The ability to control the process from the beginning will enable improvement of both the dispersion (via synthesis) and interfacial bonding (via functionalisation). One downfall with both these routes is the extra cost involved, and the increased difficulty in scaling up for the production of parts applicable for the aerospace industry could also prove problematic. Although models currently exist that enable us to identify many aspects of MMC properties, the essential need for reproducible production methods can only be made through full control of the filler material.
Rather than going into detail about the models used to describe the elastic modulus increase through CNT introduction, the above table outlines the assumptions made by the three main models used (Voight-Reuss, Cox and Halpin-Tsiai). Although these models have been used to determine polymer-based results, the same ensuing predictions have been made for MMCs.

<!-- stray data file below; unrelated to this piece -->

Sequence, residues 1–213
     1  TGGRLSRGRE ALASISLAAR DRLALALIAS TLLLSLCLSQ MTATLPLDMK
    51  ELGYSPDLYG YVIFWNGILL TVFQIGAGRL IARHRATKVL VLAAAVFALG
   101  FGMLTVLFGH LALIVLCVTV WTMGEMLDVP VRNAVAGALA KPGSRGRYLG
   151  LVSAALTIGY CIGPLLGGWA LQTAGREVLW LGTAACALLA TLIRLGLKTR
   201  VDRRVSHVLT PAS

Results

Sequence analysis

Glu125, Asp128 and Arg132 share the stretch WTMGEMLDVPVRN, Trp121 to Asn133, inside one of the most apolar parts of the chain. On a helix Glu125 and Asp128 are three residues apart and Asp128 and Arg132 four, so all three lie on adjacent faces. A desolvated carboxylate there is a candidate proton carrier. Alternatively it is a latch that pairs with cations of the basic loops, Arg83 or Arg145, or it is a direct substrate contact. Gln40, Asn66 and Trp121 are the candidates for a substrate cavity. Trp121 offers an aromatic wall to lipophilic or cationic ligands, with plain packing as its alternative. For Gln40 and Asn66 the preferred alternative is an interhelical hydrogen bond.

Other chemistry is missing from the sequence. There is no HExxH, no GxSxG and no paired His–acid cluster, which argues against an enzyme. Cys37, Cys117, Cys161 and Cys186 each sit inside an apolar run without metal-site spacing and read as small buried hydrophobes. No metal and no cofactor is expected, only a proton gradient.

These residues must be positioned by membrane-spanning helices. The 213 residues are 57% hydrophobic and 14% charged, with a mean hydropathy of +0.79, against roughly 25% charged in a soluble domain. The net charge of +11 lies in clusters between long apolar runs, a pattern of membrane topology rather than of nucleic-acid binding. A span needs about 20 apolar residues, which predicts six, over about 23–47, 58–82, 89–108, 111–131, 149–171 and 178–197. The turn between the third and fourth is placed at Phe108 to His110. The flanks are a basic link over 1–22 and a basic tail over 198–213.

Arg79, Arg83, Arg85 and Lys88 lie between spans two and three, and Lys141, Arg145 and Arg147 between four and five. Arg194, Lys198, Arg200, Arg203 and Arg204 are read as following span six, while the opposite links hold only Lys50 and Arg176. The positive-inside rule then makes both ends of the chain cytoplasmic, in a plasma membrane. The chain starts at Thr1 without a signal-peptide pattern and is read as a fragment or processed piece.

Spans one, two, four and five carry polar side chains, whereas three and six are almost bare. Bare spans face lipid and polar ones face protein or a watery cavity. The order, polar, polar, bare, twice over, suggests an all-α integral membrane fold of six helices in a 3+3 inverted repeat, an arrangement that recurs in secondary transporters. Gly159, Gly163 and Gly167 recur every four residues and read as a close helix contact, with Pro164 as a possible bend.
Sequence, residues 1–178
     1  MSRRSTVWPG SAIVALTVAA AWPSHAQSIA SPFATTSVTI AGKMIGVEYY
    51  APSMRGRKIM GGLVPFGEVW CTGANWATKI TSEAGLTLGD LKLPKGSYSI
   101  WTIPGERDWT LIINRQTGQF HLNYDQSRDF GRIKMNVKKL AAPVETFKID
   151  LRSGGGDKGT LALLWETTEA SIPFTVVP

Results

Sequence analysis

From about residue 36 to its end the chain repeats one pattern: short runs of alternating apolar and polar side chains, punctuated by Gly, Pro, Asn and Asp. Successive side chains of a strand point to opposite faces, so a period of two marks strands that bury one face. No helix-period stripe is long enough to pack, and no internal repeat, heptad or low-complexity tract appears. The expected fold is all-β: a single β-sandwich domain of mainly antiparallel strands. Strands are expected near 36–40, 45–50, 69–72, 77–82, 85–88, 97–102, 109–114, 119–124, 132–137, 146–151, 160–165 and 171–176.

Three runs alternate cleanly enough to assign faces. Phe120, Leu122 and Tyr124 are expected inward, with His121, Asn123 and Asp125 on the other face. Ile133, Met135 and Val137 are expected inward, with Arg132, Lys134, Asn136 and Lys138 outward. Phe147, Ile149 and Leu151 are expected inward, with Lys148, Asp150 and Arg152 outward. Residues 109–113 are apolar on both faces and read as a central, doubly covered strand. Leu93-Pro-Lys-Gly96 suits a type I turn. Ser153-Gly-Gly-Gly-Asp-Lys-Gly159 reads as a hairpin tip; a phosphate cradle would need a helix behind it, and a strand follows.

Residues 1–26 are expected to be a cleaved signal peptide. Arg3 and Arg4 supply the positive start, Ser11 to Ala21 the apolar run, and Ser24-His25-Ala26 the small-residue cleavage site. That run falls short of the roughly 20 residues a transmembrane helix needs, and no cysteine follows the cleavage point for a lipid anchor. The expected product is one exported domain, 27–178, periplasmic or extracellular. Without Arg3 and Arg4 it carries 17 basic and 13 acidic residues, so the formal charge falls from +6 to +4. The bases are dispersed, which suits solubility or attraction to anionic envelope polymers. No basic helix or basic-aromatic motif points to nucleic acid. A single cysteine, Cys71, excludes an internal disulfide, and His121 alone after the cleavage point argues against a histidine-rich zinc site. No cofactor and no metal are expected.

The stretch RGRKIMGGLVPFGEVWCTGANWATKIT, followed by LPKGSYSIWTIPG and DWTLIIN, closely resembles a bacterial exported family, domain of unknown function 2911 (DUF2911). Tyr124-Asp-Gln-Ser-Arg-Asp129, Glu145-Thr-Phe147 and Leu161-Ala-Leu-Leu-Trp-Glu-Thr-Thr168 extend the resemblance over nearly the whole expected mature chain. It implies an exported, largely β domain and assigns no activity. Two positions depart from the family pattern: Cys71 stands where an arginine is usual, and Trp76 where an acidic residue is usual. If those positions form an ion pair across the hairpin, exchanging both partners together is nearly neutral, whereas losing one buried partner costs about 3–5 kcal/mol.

Will we have lift-off?
The future of MMCs is difficult to predict, due to the immense scientific and technological developments being made. The pure material research development, new characterisation methods and ever-developing manufacturing capabilities have, and will, continue to ensure that the MMCs will play a strong role not only in the aerospace industry, but the wider sector of automotive, construction, packaging and even sports industries.
It appears that a new path has been created with the emergence of nanotechnology and its applications within metal matrixes. However, it is still in its early stages and in order to ensure interest from end users and manufacturers, scientists and engineers must show an ability to control filler interaction within the matrix material and be capable of transferring this to the manufacturing industry. Only then, through the production of cost-effective and reproducible parts, will the rise of MMC happen.
The author wishes to thank Carsten Glanz, Ivica Kolaric and Professor Bauernhansl (Fraunhofer IPA Stuttgart).